Dennis Carpenter (1954- ) Prominent American Pagan scholar and, with his wife, Selena Fox, co-director of Circle Sanctuary in Mt. Horeb, Wisconsin. Since the mid-1990s, Dennis Carpenter has served as a leading academic Pagan spokesperson, participating in interdisciplinary and interfaith networking and dialogue around the world.
Carpenter was born on January 16, 1954, in Hillsboro, Wisconsin, a farming community in southwestern Wiscon- sin, not far from his present home at Circle. He was raised on a dairy farm in a Protestant family and spent a great deal of time in childhood outdoors, learning to appreciate nature. A pivotal experience of finding the spiritual dimensions of nature came in high school, when he participated in the “Endu Club” (Endu was short for “Endurance”), a church-sponsored activity for boys featuring outdoors adventures.
Carpenter attended the University of Wisconsin, graduating in 1977 with a bachelor's degree in psychology, and earning his master's degree in psychology in 1979. He began his career as a school psychologist. For five years he lived in a cabin by a lake, deepening his rapport with nature.
In the early 1980s, friends introduced Carpenter to a UW professor of philosophy who had Pagan interests and was involved with Circle, which had already been formed by Fox. He recommended books to Carpenter, and interested him in attending some Circle events. The first came in 1982, when Carpenter attended a program sponsored by Circle featuring Starhawk. In 1983, he attended Circle's annual Pagan Spirit Gathering, followed by involvement in more of Circle's activities.
In 1984, Carpenter moved to Circle and became a publications editor, a position he continues to hold. He and Fox were married in 1986 in a two-part Pagan handfasting ceremony.
In the first part, they were legally married in a ceremony at the June new moon, attended by family and a few friends. Margot Adler officiated. The second part was a large ceremony at Circle's Pagan Spirit Gathering — again with Adler officiating — held in Eagle Cave, Wisconsin's largest onyx cave.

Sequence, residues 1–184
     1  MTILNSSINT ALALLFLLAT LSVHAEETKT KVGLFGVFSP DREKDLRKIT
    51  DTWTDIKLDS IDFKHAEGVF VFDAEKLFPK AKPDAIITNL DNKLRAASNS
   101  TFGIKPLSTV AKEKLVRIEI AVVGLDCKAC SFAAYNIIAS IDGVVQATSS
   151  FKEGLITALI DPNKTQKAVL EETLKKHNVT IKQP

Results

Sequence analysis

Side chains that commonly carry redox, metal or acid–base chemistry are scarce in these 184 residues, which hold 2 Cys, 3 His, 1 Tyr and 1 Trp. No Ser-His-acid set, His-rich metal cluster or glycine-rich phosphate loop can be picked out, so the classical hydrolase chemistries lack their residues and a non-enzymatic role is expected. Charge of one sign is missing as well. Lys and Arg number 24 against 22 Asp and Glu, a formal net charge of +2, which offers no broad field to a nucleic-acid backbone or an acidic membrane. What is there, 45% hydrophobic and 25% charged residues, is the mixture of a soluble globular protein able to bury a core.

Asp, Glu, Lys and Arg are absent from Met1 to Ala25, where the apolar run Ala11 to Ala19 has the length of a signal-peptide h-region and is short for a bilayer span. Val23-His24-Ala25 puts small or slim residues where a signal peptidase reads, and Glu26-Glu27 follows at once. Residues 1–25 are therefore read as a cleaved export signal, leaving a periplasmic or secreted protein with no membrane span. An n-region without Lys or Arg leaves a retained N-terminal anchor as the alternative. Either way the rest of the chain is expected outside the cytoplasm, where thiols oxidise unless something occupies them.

Around this time, Carpenter became interested in pursuing more academic work. Through his interests in humanistic and transpersonal psychologies, he met Stanley Krippner, a psychologist at the Saybrook Institute in San Francisco, California, who has long been involved in research into parapsychology, healing and altered states of consciousness. Carpenter enrolled in a doctoral program at Saybrook in 1988, focusing his academic work on Paganism, which was attracting the attention of scholars. He was nominated for “Best Essay of the Year” in 1992 and 1993 at Saybrook, and in 1993 received the Parker Scholarship for research.
In 1994 he was awarded a Ph.D. with distinction in psychology, Saybrook's highest graduate honour. His dissertation concerned the nature of Pagans' experiences with the Divine, how those experiences impacted life, and especially how they influenced ecological views and actions.
Carpenter is an author of essays and articles on various aspects of Paganism. With Fox, he participates in conferences, seminars and symposia, presenting papers and workshops. He views his role as helping to articulate the Pagan worldview, explore the relationship between humankind and nature, and build international bridges of understanding. Paganism remains too diverse to espouse a unified message, and so Carpenter focuses on the ripple effects of Paganism: how people change when they understand divine immanence and a reverence for nature.
In addition to his editorial functions at Circle, Carpenter oversees administrative affairs and groundskeeping.